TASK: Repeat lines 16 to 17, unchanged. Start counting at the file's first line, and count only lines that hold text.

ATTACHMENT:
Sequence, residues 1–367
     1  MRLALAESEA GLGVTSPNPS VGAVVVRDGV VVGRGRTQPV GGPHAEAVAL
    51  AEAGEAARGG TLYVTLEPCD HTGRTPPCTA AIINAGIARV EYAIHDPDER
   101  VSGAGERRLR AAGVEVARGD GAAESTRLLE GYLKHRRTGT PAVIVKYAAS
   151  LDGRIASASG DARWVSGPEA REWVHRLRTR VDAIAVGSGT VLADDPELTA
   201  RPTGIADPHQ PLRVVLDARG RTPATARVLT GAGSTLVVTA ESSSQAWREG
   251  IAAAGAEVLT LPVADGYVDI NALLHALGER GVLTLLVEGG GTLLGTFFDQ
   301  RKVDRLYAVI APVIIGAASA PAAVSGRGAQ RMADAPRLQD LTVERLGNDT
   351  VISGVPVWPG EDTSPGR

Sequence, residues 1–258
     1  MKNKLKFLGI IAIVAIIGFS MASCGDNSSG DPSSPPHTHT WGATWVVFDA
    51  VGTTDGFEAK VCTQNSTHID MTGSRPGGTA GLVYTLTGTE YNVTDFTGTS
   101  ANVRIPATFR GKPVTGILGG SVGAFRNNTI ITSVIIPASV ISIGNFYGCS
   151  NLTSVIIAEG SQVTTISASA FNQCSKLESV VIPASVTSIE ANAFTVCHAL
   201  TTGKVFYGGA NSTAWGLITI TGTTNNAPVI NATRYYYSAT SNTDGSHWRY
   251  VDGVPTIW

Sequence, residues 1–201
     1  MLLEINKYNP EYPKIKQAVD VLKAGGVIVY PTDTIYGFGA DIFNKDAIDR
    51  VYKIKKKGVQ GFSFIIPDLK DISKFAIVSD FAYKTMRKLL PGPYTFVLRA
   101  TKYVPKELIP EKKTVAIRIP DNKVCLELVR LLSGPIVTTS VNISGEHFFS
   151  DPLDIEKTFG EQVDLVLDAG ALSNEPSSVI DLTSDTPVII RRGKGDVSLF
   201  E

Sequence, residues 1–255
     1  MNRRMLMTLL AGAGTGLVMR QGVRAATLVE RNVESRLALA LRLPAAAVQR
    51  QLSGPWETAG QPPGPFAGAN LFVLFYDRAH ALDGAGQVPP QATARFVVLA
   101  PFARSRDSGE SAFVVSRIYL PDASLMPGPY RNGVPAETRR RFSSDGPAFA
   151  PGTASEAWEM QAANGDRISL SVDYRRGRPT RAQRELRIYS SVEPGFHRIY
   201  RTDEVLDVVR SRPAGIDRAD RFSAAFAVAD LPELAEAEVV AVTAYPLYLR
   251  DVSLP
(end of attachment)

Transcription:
   251  VDGVPTIW

Sequence, residues 1–201